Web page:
An obvious question? Yes! Worth talking about? Absolutely!
Guitar intonation is the accuracy in which an electric guitar or bass can produce a fretted note and the most important issue with any instrument. Setting the guitar intonation is the act of adjusting the length of the strings. By moving the bridge saddles North and South the intonation can be adjusted. The reason is because the there needs to be a way to compensate for the thickness of the string. Also and the same with stretching of a string when played. The act of pushing a string down to the fret board after all, to produce a note always sharpens a note. Guitar intonation, done well takes this into account. For the purposes here I will focus only on electric instruments for now. However there is lots of knowledge overlap on acoustic instruments so feel free to apply it.
To adjust guitar intonation or bass or guitar, you move the bridge saddles. Look at an electronic tuner. Check to see if the open note and the fretted note on the 12th fret are on pitch. If the 12 fret note is “sharp” then move the saddles back or South. Check and repeat this until both open and 12th fret fretted notes are equal. Likewise, Check to see if the open note and the fretted note on the 12th fret are on pitch. If the 12th fret note is “flat” then move the saddles forward or North. As a result the 12th fret note and its harmonic are now equal in pitch to the same open-string note, which is exactly one octave apart. Accurate guitar intonation is critical to pitch quality. Pitch quality is essential to “in tune” playing.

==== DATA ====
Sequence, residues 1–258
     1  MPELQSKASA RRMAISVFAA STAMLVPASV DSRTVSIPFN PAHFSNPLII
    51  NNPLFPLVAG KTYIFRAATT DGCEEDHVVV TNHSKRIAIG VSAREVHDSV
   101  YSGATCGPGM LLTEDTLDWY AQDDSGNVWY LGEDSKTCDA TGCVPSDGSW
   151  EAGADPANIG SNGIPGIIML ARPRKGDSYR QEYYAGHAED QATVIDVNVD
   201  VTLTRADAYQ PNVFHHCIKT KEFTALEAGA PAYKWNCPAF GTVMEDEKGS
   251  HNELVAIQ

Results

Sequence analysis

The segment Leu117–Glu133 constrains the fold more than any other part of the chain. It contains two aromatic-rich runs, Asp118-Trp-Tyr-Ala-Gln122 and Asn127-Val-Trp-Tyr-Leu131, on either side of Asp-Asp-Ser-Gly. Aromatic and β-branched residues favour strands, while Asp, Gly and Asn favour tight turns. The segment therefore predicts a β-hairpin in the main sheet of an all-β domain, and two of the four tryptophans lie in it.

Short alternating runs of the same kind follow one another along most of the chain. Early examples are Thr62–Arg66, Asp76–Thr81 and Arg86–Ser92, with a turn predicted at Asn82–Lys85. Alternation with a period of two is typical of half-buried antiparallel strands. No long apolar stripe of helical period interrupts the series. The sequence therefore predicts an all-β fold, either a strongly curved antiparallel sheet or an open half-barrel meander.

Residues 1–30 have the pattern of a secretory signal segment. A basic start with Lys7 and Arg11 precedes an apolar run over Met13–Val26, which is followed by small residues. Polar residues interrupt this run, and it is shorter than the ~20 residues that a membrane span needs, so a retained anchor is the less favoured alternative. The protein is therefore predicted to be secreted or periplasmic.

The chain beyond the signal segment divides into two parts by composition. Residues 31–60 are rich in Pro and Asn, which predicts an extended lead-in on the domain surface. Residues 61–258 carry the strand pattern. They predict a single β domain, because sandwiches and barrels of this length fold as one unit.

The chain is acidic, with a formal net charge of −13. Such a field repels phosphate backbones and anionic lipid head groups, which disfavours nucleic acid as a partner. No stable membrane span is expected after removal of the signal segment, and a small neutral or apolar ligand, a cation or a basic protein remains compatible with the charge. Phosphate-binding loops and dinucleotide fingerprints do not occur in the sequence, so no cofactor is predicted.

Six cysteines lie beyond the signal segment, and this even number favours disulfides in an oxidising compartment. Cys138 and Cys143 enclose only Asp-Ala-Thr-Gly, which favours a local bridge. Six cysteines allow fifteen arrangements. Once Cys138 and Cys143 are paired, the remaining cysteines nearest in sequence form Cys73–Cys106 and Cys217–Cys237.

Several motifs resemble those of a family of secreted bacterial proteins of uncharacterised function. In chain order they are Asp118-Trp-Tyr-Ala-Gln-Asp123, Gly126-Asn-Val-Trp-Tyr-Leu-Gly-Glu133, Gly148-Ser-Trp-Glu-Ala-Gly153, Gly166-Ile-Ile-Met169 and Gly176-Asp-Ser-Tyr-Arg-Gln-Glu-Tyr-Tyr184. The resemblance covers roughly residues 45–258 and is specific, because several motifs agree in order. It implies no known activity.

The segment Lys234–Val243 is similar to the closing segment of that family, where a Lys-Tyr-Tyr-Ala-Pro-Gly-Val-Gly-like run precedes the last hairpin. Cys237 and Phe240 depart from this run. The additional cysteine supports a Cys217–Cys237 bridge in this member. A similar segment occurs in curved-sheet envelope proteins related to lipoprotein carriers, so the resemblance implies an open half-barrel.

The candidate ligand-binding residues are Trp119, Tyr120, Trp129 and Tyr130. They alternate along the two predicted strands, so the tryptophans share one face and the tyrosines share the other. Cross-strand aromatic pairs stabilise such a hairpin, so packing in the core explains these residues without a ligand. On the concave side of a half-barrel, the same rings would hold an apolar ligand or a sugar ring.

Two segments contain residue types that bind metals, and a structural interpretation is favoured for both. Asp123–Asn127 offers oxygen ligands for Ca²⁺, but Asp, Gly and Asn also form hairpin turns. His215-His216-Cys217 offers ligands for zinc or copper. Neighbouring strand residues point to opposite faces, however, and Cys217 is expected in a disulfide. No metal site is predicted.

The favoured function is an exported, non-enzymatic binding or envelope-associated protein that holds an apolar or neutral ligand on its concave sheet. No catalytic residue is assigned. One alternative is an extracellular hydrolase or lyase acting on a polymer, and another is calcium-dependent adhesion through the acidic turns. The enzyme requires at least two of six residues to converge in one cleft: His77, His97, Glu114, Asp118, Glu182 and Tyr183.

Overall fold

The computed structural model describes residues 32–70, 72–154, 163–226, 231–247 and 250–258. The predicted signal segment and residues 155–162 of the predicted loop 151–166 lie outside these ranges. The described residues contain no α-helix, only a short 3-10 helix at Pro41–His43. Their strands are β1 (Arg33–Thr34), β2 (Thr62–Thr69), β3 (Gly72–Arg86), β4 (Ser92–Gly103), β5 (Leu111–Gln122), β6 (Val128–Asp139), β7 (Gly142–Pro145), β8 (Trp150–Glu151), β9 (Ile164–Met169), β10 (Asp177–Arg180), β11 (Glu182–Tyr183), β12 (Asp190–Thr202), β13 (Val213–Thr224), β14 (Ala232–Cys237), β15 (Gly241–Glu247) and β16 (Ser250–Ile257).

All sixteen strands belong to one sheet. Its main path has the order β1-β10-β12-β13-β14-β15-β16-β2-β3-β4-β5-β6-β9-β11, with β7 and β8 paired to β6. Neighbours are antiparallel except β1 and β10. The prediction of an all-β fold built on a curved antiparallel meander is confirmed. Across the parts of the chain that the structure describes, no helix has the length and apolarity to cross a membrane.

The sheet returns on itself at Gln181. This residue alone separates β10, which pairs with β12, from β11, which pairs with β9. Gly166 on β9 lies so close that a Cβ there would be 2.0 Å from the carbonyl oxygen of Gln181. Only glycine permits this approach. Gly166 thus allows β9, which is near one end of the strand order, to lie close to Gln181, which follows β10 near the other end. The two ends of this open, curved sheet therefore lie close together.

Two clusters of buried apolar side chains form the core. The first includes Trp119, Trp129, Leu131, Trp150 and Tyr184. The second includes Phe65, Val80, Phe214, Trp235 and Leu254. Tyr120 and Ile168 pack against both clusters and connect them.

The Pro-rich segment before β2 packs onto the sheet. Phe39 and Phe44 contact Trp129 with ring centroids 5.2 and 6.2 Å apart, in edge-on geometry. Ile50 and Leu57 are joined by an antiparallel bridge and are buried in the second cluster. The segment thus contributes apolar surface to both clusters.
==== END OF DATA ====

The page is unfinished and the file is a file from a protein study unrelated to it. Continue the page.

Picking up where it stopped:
Wouldn’t you want to present your musical talents in the best way possible?
Poor pitch quality = “out of tune” notes which in turn = poor musical presentation.
Of course, you do.
Furthermore, it is not necessary for a guitar player to know this at all. It is essential however that the guitar possess this in-pitch quality and maintain as close to perfect intonation as possible. Buying on looks alone can be very disappointing. If however, you like an instrument for the looks, buy it. You probably realize that you will need to have it worked on to get it playable. Good. It’s best to speak to a Luthier/tech or guitar builder previous to any purchase. It’s like to asking a mechanic which car he would recommend before you walk into the show room to select one. You can benefit from his first hand knowledge and experience and not have to go it alone. After all, the mechanics know which cars breakdown.